The Woodlands

Licensing Issues and Risk Mitigation When Working with Artificial Intelligence

January 16, 2024

The rise of Artificial Intelligence (AI) has been largely driven by one tool in AI called machine learning. In 1959, Arthur Samuel defined machine learning as the “field of study that gives computers the ability to learn without being explicitly programmed”. In the context of artificial intelligence, machine learning is a software that enables computers to learn from a table of data (dataset) and improve its performance over time without explicit programming. 

The most common type of machine learning used is a type of AI that learns A to B, or input to output mapping. An example of this type of machine learning is when an AI program generates a text transcript (output) from an audio clip (input).  While this type of supervised learning has been around for some time, the open-source nature of the internet and computers allow for the unprecedented gathering of enormous amounts of data. The data is the integral piece that propels the rapid advancement in AI and other large language models. 

Licensing Issues and Risk Mitigation

There are steps you can take as a business owner or principal to mitigate risk while ethically integrating AI and other large language models into your business.  2024 will be the year we carefully watch the courts undertake the very early stages of pending copyright cases. As mentioned on Reuters, U.S. Supreme Court’s Chief Justice John Roberts emphasized that “any use of AI requires caution and humility.” At the end of the day, legislative and regulatory change will likely be the key components to put up guardrails for AI.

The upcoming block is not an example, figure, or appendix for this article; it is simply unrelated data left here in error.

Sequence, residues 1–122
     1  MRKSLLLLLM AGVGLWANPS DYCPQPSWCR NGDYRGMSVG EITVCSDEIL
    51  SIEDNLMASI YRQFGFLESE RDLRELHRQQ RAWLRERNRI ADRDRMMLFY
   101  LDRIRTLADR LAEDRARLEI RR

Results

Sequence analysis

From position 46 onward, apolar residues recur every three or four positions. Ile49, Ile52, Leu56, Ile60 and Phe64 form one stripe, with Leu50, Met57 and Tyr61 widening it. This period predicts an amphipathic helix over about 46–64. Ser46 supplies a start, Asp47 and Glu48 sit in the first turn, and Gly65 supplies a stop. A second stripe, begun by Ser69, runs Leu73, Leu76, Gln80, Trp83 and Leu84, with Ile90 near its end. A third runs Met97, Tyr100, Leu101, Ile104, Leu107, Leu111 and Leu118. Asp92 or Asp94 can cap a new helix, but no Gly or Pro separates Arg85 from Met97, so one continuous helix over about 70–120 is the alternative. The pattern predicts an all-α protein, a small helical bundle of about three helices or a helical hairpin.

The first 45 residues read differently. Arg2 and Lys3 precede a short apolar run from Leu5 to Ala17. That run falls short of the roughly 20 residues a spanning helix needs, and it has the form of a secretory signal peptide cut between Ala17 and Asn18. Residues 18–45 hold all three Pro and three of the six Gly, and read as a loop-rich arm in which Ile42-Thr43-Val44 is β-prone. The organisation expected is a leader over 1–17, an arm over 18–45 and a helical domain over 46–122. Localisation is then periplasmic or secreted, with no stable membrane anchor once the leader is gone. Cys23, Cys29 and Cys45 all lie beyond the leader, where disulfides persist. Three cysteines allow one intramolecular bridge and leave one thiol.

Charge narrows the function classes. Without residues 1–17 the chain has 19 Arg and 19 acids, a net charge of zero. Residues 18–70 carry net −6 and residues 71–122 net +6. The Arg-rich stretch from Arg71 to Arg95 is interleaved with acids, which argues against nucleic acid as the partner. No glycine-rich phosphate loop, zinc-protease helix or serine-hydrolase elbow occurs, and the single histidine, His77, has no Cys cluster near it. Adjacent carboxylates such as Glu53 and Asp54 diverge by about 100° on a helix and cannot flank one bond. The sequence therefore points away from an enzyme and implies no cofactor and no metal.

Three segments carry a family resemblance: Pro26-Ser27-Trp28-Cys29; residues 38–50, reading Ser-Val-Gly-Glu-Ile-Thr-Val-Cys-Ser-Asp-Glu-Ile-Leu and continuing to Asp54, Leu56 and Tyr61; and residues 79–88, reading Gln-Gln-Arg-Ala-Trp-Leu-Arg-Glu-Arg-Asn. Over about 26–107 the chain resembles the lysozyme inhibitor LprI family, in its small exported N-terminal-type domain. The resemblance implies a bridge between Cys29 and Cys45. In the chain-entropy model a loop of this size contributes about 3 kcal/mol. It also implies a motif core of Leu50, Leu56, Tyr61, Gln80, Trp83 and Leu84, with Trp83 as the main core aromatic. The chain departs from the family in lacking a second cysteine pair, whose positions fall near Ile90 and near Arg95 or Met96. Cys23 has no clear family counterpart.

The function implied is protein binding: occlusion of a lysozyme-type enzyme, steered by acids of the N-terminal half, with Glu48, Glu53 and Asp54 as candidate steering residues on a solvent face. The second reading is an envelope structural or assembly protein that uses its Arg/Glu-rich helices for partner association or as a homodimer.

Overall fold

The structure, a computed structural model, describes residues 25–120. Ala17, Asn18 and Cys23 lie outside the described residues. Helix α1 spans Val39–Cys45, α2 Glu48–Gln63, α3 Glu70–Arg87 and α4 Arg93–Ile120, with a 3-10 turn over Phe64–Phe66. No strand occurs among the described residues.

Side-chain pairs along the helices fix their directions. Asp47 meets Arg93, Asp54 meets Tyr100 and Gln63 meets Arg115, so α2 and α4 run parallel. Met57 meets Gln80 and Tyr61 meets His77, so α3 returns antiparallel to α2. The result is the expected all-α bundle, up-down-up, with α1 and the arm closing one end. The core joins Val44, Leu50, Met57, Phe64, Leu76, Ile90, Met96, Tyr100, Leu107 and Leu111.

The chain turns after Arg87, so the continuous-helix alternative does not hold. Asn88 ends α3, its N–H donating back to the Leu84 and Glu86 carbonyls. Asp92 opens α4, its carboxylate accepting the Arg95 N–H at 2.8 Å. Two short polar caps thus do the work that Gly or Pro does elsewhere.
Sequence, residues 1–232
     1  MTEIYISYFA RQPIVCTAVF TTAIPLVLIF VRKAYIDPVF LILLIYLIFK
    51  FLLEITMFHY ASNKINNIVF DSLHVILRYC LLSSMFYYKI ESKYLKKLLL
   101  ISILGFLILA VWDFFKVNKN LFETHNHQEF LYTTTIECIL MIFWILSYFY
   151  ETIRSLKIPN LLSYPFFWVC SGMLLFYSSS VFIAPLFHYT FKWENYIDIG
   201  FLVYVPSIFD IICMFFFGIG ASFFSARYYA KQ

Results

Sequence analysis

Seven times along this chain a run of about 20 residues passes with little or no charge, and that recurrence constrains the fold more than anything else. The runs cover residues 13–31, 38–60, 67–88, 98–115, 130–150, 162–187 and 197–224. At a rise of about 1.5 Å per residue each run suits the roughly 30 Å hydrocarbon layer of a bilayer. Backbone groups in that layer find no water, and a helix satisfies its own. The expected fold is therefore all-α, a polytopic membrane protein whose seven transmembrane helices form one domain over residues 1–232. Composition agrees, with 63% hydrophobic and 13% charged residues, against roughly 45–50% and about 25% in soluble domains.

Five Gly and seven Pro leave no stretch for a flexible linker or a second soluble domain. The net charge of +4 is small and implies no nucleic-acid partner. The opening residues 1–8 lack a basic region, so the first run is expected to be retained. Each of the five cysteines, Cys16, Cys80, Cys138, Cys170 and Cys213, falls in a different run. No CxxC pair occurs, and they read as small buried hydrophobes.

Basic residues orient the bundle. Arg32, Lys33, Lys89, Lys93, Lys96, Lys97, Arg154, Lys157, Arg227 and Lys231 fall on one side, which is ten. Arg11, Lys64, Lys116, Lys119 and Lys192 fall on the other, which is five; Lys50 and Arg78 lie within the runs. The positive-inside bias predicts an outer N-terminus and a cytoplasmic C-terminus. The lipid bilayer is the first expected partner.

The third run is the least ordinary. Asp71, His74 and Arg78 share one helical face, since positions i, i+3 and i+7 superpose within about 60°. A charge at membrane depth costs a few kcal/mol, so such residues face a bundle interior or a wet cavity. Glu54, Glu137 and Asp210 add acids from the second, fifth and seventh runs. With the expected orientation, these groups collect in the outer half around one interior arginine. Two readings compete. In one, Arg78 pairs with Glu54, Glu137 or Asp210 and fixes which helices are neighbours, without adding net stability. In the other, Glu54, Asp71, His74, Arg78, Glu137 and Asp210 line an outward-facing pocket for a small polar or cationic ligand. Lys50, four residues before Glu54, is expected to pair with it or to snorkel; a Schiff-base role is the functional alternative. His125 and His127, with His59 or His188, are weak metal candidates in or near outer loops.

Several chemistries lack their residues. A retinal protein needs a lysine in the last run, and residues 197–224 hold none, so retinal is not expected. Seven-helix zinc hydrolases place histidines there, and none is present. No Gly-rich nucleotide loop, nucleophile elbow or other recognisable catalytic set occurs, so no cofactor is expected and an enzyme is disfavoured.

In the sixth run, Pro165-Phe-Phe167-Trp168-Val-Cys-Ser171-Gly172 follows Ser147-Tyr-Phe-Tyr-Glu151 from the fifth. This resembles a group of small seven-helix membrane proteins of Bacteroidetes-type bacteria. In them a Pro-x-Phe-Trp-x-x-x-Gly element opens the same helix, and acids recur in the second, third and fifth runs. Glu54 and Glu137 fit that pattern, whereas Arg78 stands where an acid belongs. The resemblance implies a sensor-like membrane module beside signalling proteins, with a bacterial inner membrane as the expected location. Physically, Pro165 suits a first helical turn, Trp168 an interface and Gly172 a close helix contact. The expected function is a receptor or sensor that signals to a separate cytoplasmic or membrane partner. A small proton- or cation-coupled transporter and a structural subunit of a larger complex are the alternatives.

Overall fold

In the midst of uncertainty as the courts attempt to catch up with the implications of AI technology, there are certainly measures you can take and best practices to consider when using AI learning for your business.

The risk of using non-commercial licensed materials for a commercial purpose is at the heart of the issue when using data gathered by open internet to be fed to AI models. Here are things to consider when using existing data for AI development. Ideally, you will want to consider and have the opportunity to obtain clarifications to the following issues:

  • Did the licensor properly obtain the data?
  • Does the licensor have sufficient rights to the underlying data?
  • Does the licensing agreement provide appropriate non-infringement representations and warranties? 
  • And if the licensing agreement does provide appropriate non-infringement representations and warranties, whether the licensor will indemnify the licensee (your business) if infringement issues arise from your use of the data. 

Before making important business decisions involving AI gathered and generated information or products you may want to reduce your risk by consulting an experienced business and trademark attorney for clarification and guidance.  The attorneys at the law firm of Quadros, Migl & Crosby are here to help when you have questions.  Please call (713) 300-9662 to schedule your consultation.